So it wasn’t until this group of people was conquered, their temple was crushed in Israel and they were dragged miles away to a foreign land, foreign stories, foreign gods, foreign power, and they found themselves in exile miles from home, and they even began to compile a book, that is sort of a book of their people. Why? Because when you find the various existences of your tribe… what do you do? You access evidences of their stories that might give us some sense of cohesion, some identity, some glue, a narrative, something that hold us together.
The Bible was actually written and compiled and edited as we know it, in response to persecution, hardship, suffering, oppression, and essentially what do you do when a massive army strides in to your village, kills half of the people, gouges out the eyes of some people, and then a few people remain in captive in shackles and march with you hundreds and hundreds and hundreds of miles away to a foreign land, where they don’t speak your language, they don’t worship your god, they don’t have your currency, they don’t have your education, they don’t have … and nothing is familiar. So, when you read this book, one of the questions the writers keep bringing up is: what do you do with your power?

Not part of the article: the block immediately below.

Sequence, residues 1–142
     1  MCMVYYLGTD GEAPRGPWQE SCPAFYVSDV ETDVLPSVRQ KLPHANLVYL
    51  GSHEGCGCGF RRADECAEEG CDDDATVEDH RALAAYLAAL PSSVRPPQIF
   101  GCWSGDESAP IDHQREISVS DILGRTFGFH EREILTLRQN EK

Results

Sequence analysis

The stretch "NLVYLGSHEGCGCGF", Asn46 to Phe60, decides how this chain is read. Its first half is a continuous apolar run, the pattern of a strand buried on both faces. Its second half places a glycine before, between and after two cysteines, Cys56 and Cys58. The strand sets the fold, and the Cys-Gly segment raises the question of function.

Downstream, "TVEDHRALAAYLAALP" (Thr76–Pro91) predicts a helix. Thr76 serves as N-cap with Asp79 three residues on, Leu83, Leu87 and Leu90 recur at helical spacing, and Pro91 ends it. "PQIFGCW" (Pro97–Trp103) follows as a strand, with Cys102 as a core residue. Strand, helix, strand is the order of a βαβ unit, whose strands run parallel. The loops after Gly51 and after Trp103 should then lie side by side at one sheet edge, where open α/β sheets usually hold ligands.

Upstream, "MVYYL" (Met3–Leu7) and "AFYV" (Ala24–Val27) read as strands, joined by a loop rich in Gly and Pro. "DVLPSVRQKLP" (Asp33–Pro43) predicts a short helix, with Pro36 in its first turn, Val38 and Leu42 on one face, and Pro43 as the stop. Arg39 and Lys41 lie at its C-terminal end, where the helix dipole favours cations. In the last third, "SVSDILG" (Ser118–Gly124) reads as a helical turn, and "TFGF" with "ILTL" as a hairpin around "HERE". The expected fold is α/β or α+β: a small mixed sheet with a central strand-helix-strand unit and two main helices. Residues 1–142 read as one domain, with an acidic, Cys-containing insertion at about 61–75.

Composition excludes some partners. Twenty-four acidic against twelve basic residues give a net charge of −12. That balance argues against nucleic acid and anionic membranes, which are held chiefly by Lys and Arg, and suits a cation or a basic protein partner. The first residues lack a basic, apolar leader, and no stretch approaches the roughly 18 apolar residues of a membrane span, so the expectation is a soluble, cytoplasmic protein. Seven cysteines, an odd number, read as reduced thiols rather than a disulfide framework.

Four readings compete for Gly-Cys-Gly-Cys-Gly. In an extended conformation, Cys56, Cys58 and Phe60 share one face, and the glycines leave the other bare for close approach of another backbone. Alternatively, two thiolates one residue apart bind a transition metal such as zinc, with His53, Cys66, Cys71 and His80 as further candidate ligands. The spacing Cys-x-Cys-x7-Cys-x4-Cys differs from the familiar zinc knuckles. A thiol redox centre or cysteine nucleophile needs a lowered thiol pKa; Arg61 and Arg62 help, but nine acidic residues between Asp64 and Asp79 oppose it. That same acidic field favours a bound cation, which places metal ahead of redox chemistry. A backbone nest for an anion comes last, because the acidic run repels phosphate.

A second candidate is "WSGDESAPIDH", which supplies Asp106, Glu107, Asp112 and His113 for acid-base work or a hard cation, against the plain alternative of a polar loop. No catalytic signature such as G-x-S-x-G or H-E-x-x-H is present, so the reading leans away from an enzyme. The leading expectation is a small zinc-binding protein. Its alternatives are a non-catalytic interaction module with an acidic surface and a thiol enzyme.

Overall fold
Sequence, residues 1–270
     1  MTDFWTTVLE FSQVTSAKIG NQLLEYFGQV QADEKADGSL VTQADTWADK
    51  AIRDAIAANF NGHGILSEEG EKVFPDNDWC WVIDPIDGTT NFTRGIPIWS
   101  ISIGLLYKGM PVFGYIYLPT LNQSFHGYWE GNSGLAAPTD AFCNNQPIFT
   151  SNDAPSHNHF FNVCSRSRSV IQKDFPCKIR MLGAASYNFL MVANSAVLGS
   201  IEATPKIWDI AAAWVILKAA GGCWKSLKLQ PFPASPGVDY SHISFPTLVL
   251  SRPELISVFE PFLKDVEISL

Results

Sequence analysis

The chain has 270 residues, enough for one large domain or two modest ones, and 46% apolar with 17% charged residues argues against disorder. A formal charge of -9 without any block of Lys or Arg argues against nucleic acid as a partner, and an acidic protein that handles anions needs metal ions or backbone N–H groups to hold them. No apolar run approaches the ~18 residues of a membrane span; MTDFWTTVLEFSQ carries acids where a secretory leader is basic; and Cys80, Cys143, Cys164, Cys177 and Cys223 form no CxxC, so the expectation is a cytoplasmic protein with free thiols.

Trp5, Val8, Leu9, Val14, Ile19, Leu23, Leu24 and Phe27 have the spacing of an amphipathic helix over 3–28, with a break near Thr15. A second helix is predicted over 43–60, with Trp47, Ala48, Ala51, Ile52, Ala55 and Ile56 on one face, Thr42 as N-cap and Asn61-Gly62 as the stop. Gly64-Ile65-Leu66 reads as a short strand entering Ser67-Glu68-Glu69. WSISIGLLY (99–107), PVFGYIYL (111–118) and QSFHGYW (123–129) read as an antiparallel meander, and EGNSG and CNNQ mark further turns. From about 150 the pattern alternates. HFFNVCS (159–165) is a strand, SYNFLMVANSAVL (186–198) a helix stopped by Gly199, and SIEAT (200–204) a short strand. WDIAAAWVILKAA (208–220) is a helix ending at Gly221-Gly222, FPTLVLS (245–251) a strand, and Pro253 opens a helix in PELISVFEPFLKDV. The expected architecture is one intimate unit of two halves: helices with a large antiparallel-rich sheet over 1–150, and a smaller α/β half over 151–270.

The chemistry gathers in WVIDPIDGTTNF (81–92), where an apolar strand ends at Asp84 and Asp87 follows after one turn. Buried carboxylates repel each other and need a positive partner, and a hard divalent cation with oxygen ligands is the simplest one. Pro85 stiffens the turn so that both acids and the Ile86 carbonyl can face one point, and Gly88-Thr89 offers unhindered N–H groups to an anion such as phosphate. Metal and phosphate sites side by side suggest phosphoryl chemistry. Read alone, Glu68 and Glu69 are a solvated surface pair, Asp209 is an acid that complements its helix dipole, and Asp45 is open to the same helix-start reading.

And the Bible offers again and again and again a pointed, brutal critique of those who use their power, wealth and resources to build their own empire bigger at the expense of others. They basically increase their own power and wealth while stepping on anybody in their way. And this critique of power is a theme that comes up again and again and again and again.
So, you notice even here in the story right away, we are told about a very, very powerful army general in a neighbouring country, but he also has a weakness; he also has a problem, and the context (or contract?) is his country has got some raiders who has gone out and kidnapped a young Jewish girl, who has had essentially no rights in that day, and yet she is the one who says about the military general: “Actually… I think there’s somebody who can help heal you.”